- I suggest you always go with a organic or chemical free grains. You are taking the time to mill the flour use the best wheat berries.
- The next choice is to buy a spring berry, instead of a winter berry. The difference is the spring berry is planted in the spring by the farmer and it grows all season and is harvested. The winter berry is planted as a second crop after the spring wheat. When the winter wheat is planted the soil is still warm and the wheat grows some, then the cold weather stops the growth and over the winter it goes dormant until the following spring. Then it will finish growing and finally be harvested. This starting and stopping of the growth reduces the protein or gluten in the grain.
When I first started to mill my own flour, I didn't know that much about the different grains. There is nothing like experience to teach you that cakes made with a hard grain (hard red or white wheat) would bounce off the wall due to the high gluten.
Understanding the different grains and characteristics of each will help you with all your baking items. Cookies, cakes, muffins any baked item that is chemically leavened with a baking powder or baking soda will need grain a that has low gluten to create a tender textured finished product.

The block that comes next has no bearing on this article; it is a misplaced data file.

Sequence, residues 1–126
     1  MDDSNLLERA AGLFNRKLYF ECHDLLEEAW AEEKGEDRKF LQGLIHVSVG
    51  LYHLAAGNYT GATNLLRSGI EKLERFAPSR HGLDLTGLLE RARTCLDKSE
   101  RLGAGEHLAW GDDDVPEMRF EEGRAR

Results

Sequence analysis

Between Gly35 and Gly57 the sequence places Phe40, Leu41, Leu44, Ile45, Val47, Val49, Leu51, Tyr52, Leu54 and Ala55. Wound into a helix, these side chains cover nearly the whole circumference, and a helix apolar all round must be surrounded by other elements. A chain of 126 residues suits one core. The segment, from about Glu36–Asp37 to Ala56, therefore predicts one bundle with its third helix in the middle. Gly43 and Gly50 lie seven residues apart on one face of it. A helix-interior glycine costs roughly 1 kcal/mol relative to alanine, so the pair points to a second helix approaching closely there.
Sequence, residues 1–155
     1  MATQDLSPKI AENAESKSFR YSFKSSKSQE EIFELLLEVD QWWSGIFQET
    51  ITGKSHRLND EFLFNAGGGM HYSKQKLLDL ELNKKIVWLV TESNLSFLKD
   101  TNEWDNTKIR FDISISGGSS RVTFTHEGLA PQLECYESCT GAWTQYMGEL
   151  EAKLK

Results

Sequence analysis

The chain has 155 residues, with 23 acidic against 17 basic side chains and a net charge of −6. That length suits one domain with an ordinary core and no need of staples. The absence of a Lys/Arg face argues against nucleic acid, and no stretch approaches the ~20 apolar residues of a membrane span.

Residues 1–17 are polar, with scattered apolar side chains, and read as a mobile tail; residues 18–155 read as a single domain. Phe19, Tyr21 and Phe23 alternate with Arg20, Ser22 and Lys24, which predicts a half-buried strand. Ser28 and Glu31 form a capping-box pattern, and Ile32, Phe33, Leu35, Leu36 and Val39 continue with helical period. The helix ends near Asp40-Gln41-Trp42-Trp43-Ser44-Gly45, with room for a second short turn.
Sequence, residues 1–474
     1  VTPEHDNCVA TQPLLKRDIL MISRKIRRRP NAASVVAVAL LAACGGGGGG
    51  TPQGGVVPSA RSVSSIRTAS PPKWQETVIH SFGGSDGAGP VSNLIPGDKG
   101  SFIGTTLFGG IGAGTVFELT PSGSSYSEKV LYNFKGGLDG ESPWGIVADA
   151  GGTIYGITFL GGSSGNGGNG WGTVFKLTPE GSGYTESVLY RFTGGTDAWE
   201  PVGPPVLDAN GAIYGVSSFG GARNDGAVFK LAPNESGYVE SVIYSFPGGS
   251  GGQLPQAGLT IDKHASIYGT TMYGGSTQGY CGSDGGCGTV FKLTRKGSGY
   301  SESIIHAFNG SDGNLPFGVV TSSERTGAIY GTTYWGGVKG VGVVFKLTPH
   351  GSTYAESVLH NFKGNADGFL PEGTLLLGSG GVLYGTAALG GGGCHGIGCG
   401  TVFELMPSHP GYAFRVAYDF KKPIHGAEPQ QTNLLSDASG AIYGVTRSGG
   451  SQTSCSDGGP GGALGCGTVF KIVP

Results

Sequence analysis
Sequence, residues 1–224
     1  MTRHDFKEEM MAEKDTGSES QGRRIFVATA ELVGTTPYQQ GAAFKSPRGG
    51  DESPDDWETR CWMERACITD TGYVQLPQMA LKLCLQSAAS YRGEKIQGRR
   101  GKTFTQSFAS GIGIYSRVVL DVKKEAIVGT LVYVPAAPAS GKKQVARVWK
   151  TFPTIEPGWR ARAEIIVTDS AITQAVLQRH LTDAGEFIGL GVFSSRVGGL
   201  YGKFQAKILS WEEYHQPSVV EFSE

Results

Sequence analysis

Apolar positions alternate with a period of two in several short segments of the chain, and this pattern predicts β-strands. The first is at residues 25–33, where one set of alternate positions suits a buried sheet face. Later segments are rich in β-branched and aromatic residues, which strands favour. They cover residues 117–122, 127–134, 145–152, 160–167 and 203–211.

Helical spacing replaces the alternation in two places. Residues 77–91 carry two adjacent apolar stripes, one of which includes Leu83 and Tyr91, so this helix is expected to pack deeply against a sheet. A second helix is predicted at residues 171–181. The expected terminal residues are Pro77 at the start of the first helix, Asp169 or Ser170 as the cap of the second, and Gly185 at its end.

Soft White or Soft Red Wheat = Pastry Flour
My first choice for making baked items that are chemically leavened with baking powder or soda is a soft white spring wheat. I usually choose a soft white wheat berry over a soft red wheat berry just to keep the end product lighter in color. Both will work fine, it just depends on what you want the final product to look like. The other grains below are often substituted as part of the flour in the recipe and mixed with the soft white to produce a unique mix.
Heirloom Grains = Spelt or Others
Spelt is an heirloom grain that has gluten but not as much as a hard wheat. You could use this in cookies, or mixed with a soft wheat berry. I would not use 100% spelt flour it you are making a cake.
Oat Groats = Oat Flour
Oats do not have gluten, and sometimes you want the cookie to be very tender. Like short bread cookies, which have a melt in your mouth texture. Mixing a soft wheat with oat flour could be an option. Oats do have a taste so consider that when choosing oats.
I do not mill my own soy flour, because I have a stone mill and soy has some oil which is not good for stone mills. A small amount of soy flour is used as a dough conditioner when making bread. When you add soy to a cookie recipe it gives the cookies a very soft, melt in your mouth texture. It only take a couple of tablespoons to 1/4 c. for the recipe.
Pearled Barley = Barley Flour
Barley flour does not have gluten and like the soy it also gives cookies a soft texture. The barley gives the cookies a nutty taste and you only need a few tablespoons in the recipe.
There are many other options but these are my usual mixes. You can use all soft white flour in your cookie recipes but if you substitute some of the flour in the recipe for a different grain you can come up with a wonderful cookie mix that is unique in taste and texture.